There are at least two studies that forecast future demographic changes in Sweden largely due to immigration and low birth rates. A 2006 study states that "[based upon current data, extrapolated with relevant assumptions] Sweden and the Netherlands would have majority foreign-origin populations by the end of the [21st] century."[29] A 2018 study concluded that in Sweden by "2065, the share of the native population is [set] to decrease to 49%, the Western population is projected to fall to 63%, and the Muslim population increase to 25%."[30] Thomas Lindh, at the time head researcher for the Swedish Institute for Futures Studies, claimed in an interview that by the year "2050, more than half of Sweden's population will be immigrants or second-generation immigrants."[31]

 
Swedes of two Swedish parents in Sweden's counties and overall as of 2020.
Background Groups Year
2002[32] 2005[32] 2010[32] 2015[32] 2020[33]
Number % Number % Number % Number % Number %
  Swedes (total) 7,582,574 84.8% 7,584,394 83.82% 7,617,681 80.90% 7,663,997 77.79% 7,693,255 74.1%
Swedes of two Swedish parents 7,028,802 78.61% 6,997,684 77.34% 6,965,033 73.97% 6,939,156 70.44% 6,900,476 66.5%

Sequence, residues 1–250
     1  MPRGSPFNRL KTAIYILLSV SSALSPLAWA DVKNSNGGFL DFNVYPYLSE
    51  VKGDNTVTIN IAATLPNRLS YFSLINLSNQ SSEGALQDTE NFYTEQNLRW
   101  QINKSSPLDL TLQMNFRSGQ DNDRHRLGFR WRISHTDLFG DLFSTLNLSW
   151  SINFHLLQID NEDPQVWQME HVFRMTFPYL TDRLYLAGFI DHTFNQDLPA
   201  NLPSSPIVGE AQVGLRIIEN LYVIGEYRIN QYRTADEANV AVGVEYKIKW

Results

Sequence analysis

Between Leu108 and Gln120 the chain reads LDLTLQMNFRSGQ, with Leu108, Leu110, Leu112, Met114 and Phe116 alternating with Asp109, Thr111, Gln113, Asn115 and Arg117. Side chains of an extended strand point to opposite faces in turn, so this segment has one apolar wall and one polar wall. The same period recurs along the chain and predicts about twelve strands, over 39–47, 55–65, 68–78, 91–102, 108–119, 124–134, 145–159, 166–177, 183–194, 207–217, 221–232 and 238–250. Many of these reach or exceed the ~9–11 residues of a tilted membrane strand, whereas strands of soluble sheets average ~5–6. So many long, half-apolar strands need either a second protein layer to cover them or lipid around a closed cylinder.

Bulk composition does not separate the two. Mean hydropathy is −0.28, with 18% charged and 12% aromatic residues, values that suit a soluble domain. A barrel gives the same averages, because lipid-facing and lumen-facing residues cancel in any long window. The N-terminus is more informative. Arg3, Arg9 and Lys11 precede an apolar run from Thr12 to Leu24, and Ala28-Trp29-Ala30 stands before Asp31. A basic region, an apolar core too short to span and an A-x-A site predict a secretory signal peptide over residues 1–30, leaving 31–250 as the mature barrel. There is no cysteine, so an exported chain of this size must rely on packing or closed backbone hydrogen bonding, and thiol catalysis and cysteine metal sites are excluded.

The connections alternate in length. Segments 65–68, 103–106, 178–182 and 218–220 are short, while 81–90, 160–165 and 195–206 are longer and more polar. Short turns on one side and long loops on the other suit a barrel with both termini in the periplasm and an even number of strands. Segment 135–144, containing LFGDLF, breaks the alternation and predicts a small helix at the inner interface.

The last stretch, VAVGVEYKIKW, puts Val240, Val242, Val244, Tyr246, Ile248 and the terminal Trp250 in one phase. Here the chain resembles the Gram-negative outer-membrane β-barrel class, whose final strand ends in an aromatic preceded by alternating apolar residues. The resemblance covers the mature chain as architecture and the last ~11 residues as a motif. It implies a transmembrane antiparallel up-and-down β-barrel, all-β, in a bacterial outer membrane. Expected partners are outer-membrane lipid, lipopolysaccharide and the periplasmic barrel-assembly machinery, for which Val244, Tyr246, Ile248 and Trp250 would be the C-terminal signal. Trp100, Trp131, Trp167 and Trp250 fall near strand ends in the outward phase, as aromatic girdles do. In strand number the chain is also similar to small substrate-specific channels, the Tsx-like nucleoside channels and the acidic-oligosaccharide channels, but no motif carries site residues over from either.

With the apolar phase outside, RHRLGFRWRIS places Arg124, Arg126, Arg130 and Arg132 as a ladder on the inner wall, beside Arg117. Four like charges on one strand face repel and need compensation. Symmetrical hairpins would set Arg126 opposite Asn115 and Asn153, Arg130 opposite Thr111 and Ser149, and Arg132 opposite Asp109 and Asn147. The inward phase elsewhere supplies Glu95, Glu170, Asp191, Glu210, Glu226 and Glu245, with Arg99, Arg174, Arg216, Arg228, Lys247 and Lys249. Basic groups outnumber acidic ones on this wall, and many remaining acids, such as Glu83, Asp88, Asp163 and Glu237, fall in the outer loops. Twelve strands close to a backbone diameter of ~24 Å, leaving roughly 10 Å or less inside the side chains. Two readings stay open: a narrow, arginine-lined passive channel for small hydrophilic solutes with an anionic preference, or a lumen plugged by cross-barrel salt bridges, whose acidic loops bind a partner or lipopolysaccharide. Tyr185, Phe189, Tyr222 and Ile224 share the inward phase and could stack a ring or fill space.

Swedes of one Swedish parent and one foreign born 553,772 6.19% 586,710 6.48% 652,648 6.93% 724,841 7.35% 792,779 7.6%
Total: Foreign background 1,358,214 15.19% 1,463,358 16.17% 1,797,889 19.09% 2,187,020 22.20% 2,686,040 25.9%
Born outside Sweden 1,053,463 11.78% 1,125,790 12.44% 1,384,929 14.70% 1,676,264 17.01% 2,046,731 19.7%
Born in Sweden to two foreign-born parents 304,751 3.40% 337,568 3.73% 412,960 4.38% 510,756 5.18% 639,309 6.2%
Total: 8,940,788 100% 9,047,752 100% 9,415,570 100% 9,851,017 100% 10,379,295 100%
Background Groups 2020[34]
Greater Stockholm Greater Gothenburg Greater Malmo
Number % Number % Number %
  Swedes (total) 1,557,214 65.09% 750,587 71.50% 494,526 66.07%
Swedes of two Swedish parents 1,320,872 55.21% 660,772 62.95% 431,207 57.61%
Swedes of one Swedish parent and one foreign born 236,342 9.87% 89,815 8.55% 63,319 8.46%
Total: Foreign background 834,951 34.90% 299,055 28.49% 253,907 33.92%
Born outside Sweden 624,609 26.11% 223,420 21.28% 190,092 25.39%
Born in Sweden to two foreign-born parents 210,342 8.79% 75,635 7.20% 63,815 8.52%
Total: 2,392,165 100% 1,049,642 100% 748,433 100%

Vital statisticsEdit

Data according to Statistics Sweden, which collects the official statistics for Sweden.[35]

Average
population
Live births Deaths Natural
change
Crude birth

rate (per 1000)

Crude death

rate (per 1000)